Genome Sequence of Cultivated Groundnut CompletedMarch 2, 2016
The International Peanut Genome Initiative (IPGI), including researchers from the University of Georgia and the International Crops Research Institute for the Semi-Arid Tropics (ICRISAT), has completed sequencing the ancestral genomes of groundnut.
The groundnut that is grown today comes from the hybridization of two wild species, Arachis duranensis (V14167, A-genome ancestor) and A. ipaensis (K30076, B-genome ancestor), cultivated in South America. To map the groundnut's genome structure, the researchers sequenced the two ancestral parents, and the sequences provide researchers access to 96% of all groundnut genes in their genomic context. A comparison of the DNA sequences of one of the wild species with the cultivated groundnut showed that they are 99.96% identical.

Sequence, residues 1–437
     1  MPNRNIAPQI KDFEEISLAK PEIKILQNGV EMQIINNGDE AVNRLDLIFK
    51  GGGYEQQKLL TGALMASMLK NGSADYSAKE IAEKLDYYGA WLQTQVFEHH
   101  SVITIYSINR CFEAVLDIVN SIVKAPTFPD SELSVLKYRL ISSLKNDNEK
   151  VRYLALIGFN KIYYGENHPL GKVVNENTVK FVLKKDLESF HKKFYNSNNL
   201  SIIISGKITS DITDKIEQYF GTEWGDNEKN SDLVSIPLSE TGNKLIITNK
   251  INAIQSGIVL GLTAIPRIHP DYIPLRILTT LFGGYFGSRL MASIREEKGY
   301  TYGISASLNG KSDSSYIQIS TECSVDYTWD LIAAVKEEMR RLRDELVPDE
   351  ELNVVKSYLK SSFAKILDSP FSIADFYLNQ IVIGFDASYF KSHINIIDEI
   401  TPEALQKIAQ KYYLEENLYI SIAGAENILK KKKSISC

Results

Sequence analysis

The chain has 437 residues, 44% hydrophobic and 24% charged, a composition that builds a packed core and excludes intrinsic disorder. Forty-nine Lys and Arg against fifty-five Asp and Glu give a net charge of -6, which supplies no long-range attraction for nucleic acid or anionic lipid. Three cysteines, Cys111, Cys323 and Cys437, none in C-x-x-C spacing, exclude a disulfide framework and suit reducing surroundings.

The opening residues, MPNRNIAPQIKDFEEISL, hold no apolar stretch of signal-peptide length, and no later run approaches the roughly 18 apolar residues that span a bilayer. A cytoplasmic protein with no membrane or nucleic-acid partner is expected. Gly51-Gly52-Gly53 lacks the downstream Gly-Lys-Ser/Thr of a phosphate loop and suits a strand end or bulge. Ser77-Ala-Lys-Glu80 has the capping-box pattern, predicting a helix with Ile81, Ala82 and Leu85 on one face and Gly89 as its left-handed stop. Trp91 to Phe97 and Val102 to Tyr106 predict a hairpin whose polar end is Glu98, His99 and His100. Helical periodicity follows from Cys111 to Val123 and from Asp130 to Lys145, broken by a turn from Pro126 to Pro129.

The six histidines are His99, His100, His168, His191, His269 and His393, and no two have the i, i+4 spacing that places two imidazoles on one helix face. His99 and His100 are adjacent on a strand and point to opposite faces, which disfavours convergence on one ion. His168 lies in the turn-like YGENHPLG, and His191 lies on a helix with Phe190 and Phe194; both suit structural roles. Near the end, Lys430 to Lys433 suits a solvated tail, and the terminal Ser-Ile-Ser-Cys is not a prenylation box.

"Improving groundnut varieties to be more drought, insect and disease resistant using the genome sequence, can help farmers in developing nations produce more groundnuts with fewer pesticides and other chemicals and help these farmers feed their families and build more secure livelihoods," said Dr. Rajeev Varshney, Research Program Director – Grain Legumes and Director, Center of Excellence in Genomics at ICRISAT.
For more details, read the news release at the ICRISAT website.
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